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Sunday, April 29, 2012

Let's Go Spelunking: Cave Shrimp + Crayfish

(Apologies: I went to take a nap and wound up sleeping longer than intended. Come hither, Hell Week...)

Remember when I mentioned that cave creatures had a strange aesthetic to them? Well, to be more specific, creatures that spend their lives exclusively in caves tend to have a few features in common.  These include pale skin, poor or absent eyesight, reduced size, and enhanced senses of hearing, touch, and smell. In human terms, 3/4 isn't bad, nerds.

Lincoln approves of cave shrimp?


Enter the Kentucky and Alabama cave shrimp (Palaemonias). They are both native to the Southwestern U.S. as their names imply. Yes, apparently the South has a lot of neat cave life. They eat anything that washes into the sediments underground. (FYI: Since several kinds of shrimp do in fact eat dirt like this, they are probably not the healthiest seafood in the world.) As the picture above demonstrates, they are smaller than a penny.

Cave shrimp are a prime example of what happens to 'normal' animals once they adapt to cave life. These shrimp are not just blind - they're completely eyeless. They're pure white with translucent skin. If they ever left the safety of the caves, they would die in a heartbeat. Even as they are, they have predators in other cave creatures such as salamanders, raccoons, and equally-blind cave crayfish (a case of the blind eating the blind).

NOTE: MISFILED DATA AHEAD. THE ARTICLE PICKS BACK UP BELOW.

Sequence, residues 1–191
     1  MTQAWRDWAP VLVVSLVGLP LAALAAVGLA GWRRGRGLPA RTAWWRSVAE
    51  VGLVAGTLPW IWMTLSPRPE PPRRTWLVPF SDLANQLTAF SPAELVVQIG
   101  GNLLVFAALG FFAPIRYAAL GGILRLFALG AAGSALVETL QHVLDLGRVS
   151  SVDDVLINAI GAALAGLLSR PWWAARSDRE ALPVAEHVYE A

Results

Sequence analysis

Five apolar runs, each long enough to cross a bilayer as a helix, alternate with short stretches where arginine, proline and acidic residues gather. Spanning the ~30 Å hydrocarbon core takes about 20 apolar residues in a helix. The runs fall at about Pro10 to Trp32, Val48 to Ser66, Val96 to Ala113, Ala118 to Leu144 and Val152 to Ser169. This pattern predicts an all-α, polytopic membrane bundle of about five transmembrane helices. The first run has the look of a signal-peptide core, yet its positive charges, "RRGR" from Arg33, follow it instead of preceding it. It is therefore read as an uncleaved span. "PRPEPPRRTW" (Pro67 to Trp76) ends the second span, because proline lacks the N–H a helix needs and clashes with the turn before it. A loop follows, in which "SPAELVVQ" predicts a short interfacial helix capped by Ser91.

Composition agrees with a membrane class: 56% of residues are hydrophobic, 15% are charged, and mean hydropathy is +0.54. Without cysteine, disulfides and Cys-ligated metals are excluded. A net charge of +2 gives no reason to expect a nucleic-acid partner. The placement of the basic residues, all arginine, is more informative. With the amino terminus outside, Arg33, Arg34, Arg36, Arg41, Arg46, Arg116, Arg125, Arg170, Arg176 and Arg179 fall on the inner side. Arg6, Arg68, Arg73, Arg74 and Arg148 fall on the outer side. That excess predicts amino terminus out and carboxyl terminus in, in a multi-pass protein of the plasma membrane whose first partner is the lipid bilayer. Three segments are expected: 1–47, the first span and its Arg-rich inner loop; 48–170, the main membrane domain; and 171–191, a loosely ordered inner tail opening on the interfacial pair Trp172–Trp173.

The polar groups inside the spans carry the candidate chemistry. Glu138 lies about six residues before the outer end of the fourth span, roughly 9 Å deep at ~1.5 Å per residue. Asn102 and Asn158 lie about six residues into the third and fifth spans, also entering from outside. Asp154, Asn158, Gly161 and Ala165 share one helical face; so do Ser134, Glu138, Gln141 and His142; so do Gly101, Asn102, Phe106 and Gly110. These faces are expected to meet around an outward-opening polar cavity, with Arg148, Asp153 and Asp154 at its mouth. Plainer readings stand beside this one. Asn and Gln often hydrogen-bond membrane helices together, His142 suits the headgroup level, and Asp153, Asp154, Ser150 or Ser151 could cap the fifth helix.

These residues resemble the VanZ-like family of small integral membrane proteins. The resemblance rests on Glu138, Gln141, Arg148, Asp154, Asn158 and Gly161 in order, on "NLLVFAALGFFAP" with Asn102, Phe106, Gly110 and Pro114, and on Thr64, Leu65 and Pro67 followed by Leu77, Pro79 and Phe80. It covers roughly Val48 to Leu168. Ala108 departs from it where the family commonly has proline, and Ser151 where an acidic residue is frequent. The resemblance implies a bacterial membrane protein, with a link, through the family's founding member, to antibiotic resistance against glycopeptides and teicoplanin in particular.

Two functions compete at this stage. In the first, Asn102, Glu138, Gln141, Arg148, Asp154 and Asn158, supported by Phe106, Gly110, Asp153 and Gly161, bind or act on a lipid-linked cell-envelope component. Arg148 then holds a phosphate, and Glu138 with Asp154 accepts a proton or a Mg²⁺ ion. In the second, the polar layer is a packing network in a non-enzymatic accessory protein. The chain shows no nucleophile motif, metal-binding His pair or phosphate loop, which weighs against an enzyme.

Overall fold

Yes, crayfish live in the caves, too. There are several species (Cambarus pecki in Alabama; Procambarus elsewhere), several of which live in Florida and all of which are endangered. They look a lot like cave shrimp, only bigger, nastier, and with pincers. Like the shrimp, their skin is so light you can see through it - who needs melanin when you live in depths in which nothing can see? It's amazing; we could have saved so much mess in biology if some smart soul had bred translucent crayfish for us to study.

Both species of cave shrimp and all cave crayfish are endangered. The main cause for this classification is poisoned groundwater. As we've said before, freshwater ecosystems are fragile. So are species that are highly adapted to one environment. Cave shrimp will probably not be around much longer, so enjoy them while you can.

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